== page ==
Firstly, well done on giving it a go! And secondly, thank you for helping us to spread the word on the importance of great bread. There are lots of wonderful things about making your own bread; you have total control over what goes in it, your kitchen will smell amazing, and all your friends and family will be super impressed! 

When beginning to make bread, my advice is to find a simple recipe that answers what you want out of a loaf (for example sugar-free, or wholegrain), and then keep making it over and over again, tweaking and improving it every time. We all have different ovens, kitchen temperatures, and flour, so things will vary. 

When starting out with sourdoughs, firstly don’t panic, or be put off by the enormous amount written about sourdoughs that makes it all sound very complicated. A sourdough culture is simply a paste of flour and water containing yeast cells that will rise your dough for you and turn it into a beautiful springy loaf of magic. 

To make your own sourdough culture, mix a bit (maybe 100g) of water with the same amount of flour to make a paste. Every day, throw most of it away, and add more flour and water, until after about three weeks you will have a bubbly yeast culture. To help it along, you can add raisins (because there are lots of yeast cells on their skins) and take them out after a couple of days, and you could start off using rye flour then change to the flour of your choice a few days later. Mixing the paste with your hands as opposed to a spoon also hastens the development of the culture. It really is that simple. When you’re not using your culture in your bread doughs, keep it in the fridge. If it looks like it has gone mouldy, don’t worry, you don’t need to throw it away. Just scoop the mould off the top with a spoon and throw it away. Feed up your remaining culture with equal amounts of flour and water every day for a few days, leaving it out at room temperature, and it should recover. It is very hard to kill a sourdough culture, so even if it looks absolutely horrendous, you will almost certainly be able to rescue it. If all is lost and you can’t face making another culture from scratch, come to us and we’ll give you some of ours! Just remember to bring a small pot to the bakery to put it in.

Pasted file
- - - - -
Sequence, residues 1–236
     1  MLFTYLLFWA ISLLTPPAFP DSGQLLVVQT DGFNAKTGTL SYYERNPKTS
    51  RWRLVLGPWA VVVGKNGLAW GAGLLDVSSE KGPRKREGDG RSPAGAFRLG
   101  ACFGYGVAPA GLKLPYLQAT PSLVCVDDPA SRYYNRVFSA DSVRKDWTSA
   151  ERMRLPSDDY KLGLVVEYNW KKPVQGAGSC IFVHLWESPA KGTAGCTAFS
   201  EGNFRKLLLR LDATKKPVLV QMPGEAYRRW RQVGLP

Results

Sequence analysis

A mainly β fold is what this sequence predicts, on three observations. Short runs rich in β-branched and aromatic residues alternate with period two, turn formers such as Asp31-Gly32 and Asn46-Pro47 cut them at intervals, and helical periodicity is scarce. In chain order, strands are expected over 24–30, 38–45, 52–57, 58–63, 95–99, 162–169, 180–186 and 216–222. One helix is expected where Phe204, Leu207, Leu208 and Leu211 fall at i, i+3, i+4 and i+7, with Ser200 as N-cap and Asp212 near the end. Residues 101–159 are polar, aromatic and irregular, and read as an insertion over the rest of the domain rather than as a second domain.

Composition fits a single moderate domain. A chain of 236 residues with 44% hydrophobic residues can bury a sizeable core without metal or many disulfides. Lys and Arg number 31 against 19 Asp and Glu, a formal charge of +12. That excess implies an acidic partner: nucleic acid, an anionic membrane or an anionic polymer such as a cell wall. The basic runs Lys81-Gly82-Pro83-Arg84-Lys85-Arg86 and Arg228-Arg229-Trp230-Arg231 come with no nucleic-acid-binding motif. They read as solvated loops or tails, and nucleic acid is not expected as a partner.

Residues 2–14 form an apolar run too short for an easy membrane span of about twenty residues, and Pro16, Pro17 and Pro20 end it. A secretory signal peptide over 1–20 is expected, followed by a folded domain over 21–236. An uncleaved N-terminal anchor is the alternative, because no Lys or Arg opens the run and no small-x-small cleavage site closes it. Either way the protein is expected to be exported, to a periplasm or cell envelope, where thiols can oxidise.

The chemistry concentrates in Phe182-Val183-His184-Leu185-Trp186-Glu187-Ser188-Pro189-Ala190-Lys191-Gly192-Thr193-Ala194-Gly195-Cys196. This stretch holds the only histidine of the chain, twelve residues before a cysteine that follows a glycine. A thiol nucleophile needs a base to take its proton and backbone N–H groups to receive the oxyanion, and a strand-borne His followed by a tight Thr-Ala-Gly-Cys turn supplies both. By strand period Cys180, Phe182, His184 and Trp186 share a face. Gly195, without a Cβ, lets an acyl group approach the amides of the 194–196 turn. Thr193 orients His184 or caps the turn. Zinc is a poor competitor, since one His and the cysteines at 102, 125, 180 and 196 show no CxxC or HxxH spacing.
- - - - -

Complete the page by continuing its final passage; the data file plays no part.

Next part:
When making a sourdough loaf, there are lots of recipes out there, so just pick one and make it over and over again, because practice and familiarity really is everything in baking. I always say that it’s not so much the recipe, but the method that takes time to get the hang of. Make your doughs as wet as you dare, mix, and mould your doughs gently, folding it lots to improve that structure, allow your doughs to ferment slowly, and try to relax and have fun – doughs are like dogs, they know when you’re scared!

Book recommendations:

For fun flavoured breads and lots of ideas for what to do with your sourdough culture, try SOURDOUGH, by Sarah Owens.

For the truly obsessed and extremely serious baker, you will never need another sourdough book, this is the bible! – get your hands on a copy of BREAD by Jeffrey Hamelman.

Best of luck and happy baking.